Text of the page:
Ruth O'Callaghan and Lidia Vianu

Lidia Vianu is Professor of English Contemporary Literature at the University of Bucharest. She has twice been Fulbright lecturer in Comparative Literature in the United States: at the State University of New York, Binghamton, NY, and the University of California, Berkeley. She is also a poet, novelist, critic, and translator, who has published five books of literary criticism as well as Censorship in Romania, a book of interviews and translations. She has written one novel and three poetry collections. Her editing work includes six anthologies of British and American literature and criticism, and she has translated works into both Romanian and English. In 2005 she won, jointly with Adam J. Sorkin, the Corneliu M. Popescu Prize for European Poetry Translation.

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David Siar, Anna Tripp, T. J. Lustig, John Simons, Sharon Monteith, Peter Stoneley, Tina M. Kelleher, Alison Sweeney, Alison Chapman, Dennis Brown, Maurice Rutherford, Michael Murphy, and Matt Simpson

The Illusions of Postmodernism by Terry Eagleton. Oxford: Blackwell, 1996. Pp. X + 147, $44.95 hb.; $15.95 pb.

Mother Love by Rita Dove. New York: Norton, 1996. pp. 78, ISBN 0393314448 £7.95.

Distinguished Discord: Discontinuity and Pattern in the Critical Tradition of ‘The Turn of the Screw’ by Robin P. Hoople, Lewisburg, Pa.: Bucknell University Press; London: Associated University Presses, 1997, £34.50). Pp. 328. ISBN 0-8387-5326-4.

European English Now, European Journal of English Studies, 1. 1. Swets and Zeitlinger, 132 pp., $69 / Dfl 115 to individuals, Dfl. 70 to ESSE members.

The Norton Anthology of African American Literature, Henry Louis Gates Jr. and Nellie Y. McKay et al., New York: Norton, 1997, pp. 2,665 Paper with CD 0393959082 £21.00.

Mark Twain in the Company of Women, by Laura E. Skandera- Trombley, Philadelphia: University of Pennsylvania Press, 1994; paper £15.50. Pp. xxiii, 219. ISBN 0 8122 1619 9.

Monsters in the Closet: Homosexuality and the Horror Film by Harry M. Benshoff. Manchester: Manchester University Press, 1997. Cloth £45.00 ISBN 0719044723, paper £14.99 ISBN 071904473.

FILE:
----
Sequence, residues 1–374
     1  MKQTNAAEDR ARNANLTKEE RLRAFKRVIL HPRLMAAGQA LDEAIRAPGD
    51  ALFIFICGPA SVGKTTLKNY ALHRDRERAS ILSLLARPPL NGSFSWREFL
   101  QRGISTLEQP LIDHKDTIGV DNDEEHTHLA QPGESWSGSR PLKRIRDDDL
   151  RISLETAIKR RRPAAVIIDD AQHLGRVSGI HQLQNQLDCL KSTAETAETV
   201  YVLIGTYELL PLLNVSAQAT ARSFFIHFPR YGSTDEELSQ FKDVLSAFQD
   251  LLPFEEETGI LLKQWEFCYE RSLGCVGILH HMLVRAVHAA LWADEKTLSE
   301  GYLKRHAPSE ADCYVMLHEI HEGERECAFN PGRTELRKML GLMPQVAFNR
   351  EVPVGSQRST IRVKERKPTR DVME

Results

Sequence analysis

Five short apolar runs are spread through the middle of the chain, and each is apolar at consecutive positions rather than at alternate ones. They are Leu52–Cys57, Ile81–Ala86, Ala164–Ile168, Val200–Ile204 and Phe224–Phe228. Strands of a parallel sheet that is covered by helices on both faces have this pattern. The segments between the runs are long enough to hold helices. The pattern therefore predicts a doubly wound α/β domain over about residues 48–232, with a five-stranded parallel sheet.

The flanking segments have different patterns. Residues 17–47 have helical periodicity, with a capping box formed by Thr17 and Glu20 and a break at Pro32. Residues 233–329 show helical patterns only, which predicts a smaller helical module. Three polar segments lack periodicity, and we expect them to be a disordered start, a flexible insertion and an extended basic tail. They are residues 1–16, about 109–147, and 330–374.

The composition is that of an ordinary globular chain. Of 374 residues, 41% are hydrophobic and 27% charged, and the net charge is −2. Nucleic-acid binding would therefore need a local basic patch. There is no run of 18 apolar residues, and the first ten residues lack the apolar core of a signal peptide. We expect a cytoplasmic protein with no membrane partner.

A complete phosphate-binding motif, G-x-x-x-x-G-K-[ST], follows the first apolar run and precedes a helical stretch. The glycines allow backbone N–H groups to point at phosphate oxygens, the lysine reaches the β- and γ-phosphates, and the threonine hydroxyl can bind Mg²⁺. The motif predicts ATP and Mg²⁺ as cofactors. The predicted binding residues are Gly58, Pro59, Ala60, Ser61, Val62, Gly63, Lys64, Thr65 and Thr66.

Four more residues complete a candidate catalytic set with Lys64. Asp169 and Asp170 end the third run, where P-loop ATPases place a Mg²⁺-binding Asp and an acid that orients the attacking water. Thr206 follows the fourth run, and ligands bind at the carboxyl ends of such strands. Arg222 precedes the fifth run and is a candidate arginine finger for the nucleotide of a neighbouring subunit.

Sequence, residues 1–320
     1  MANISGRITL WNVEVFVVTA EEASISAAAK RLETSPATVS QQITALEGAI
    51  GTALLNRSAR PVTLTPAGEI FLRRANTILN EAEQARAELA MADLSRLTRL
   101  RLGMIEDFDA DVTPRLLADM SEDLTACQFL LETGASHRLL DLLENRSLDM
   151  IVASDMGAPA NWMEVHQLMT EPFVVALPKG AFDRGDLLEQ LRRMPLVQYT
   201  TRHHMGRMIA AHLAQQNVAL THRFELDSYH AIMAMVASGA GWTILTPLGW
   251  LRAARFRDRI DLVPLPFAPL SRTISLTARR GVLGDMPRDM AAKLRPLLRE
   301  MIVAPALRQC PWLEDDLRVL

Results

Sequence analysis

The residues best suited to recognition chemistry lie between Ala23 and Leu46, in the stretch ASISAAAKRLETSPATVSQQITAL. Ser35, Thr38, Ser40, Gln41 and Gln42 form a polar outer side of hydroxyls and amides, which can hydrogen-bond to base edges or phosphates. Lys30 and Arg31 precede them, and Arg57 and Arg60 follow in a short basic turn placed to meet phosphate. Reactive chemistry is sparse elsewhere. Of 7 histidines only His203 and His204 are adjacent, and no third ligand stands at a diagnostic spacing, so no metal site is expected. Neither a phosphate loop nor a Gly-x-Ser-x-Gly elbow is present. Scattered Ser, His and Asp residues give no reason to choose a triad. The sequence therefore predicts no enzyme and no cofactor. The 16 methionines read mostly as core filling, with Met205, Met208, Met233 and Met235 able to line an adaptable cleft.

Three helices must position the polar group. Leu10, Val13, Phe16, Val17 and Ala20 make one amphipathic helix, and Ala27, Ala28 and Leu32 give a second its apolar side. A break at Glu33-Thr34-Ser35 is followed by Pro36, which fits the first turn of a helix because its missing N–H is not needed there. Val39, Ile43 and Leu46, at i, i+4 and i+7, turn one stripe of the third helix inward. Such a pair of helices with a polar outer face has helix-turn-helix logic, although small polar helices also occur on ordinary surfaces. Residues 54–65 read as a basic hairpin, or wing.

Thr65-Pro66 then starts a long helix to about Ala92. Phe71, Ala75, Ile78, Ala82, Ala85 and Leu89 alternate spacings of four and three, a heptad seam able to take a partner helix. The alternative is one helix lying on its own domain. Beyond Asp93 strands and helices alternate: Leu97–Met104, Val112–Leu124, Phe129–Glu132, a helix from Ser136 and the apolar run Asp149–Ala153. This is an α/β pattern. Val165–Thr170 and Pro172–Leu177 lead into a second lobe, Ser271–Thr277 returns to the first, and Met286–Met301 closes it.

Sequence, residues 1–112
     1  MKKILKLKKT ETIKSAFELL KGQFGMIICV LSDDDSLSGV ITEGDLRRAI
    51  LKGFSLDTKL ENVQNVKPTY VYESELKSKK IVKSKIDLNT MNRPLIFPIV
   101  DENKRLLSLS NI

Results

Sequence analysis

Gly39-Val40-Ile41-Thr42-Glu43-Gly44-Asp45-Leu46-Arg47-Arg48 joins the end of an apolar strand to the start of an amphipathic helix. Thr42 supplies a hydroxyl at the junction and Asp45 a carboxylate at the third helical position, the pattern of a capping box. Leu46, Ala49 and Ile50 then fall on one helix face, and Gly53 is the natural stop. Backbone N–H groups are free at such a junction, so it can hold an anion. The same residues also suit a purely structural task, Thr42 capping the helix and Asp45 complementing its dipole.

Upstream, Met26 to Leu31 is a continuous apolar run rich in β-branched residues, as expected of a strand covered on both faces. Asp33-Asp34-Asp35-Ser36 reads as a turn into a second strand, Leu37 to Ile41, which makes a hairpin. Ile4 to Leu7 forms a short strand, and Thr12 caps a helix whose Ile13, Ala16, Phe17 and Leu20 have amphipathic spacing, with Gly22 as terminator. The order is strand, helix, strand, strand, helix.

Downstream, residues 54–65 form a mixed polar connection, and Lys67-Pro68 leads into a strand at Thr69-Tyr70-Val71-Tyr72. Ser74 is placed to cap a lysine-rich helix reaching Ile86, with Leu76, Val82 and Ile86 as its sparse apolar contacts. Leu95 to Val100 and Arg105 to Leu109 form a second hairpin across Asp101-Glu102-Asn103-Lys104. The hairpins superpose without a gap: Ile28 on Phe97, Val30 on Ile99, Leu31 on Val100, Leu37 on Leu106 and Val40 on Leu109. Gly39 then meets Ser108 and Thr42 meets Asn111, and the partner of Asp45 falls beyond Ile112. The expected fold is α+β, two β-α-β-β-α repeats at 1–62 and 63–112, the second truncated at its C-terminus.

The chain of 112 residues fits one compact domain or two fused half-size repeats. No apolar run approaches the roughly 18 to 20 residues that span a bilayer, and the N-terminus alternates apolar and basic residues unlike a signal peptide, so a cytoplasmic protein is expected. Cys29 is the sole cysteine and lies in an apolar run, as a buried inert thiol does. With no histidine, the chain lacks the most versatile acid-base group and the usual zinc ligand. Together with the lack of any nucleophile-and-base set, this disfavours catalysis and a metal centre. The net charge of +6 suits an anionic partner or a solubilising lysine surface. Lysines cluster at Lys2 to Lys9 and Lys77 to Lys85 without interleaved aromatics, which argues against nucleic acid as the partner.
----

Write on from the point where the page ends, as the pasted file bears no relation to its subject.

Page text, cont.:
Kate M. Cleary. A Literary Biography with Selected Works by Susanne K George. Lincoln and London: University of Nebraska Press, 1997. 250 pp. Cloth £28.50, ISBN: 0-8032-2164-9.

Consuming Subjects: British Women and Consumer Culture in the Eighteenth-Century by Elizabeth Kowalski-Wallace. New York: Columbia University Press, 1997. cloth £32.00 ISBN 0231105789; paper £12.00 ISBN 0231105797.

Paul Oppenheimer, An Intelligent Person’s Guide To Modern Guilt, (London: Duckworth, 1997), pp. 127, cloth £12.95 ISBN 0-7156- 2759-7.

Passing Through Glass by Hugh Underhill. (National Poetry Foundation, 1997) ISBN 1 900726 10 6, £5.00

The Vigil by C K Williams. (Bloodaxe Books, 1997) ISBN 1 85224 402 X, £7.95

Yeah Yeah Yeah by Roddy Lumsden. (Bloodaxe Books, 1997) ISBN 1 85224 403 8, £7.95

Kiosk by Hans Magnus Enzensberger, translated by Michael Hamburger. Bloodaxe Books, 1997.

La Jeune Parque by Paul Valéry. French - English Bilingual Edition, translated by Alistair Elliot. Bloodaxe Books, 1997.

Nantucket and the Angel by Gillian Allnutt. Bloodaxe Books. ISBN I - 8 5224 - 382 1 £6.95

The Sky Behind the Forest – Selected Poems by Liliana Ursu. Bloodaxe Books. ISBN I - 85224 - 386 - 4 £7.95

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Aizenberg , Edna : On the Edge of the Holocaust: The Shoah in Latin American Literature and Culture ( Indiana University Press , 2015 ) 10.2307/j.ctv102bd2q Carasik , Michael : The Bible's Many Voices ( University of Nebraska

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Stephan Dudeck

their own memories and interpretations. The book is beautifully illustrated with photos of the protagonists and artwork by N. Scott Momaday. The introduction is by a well-known scholar of Native American literature and friend of Vashchenko, Susan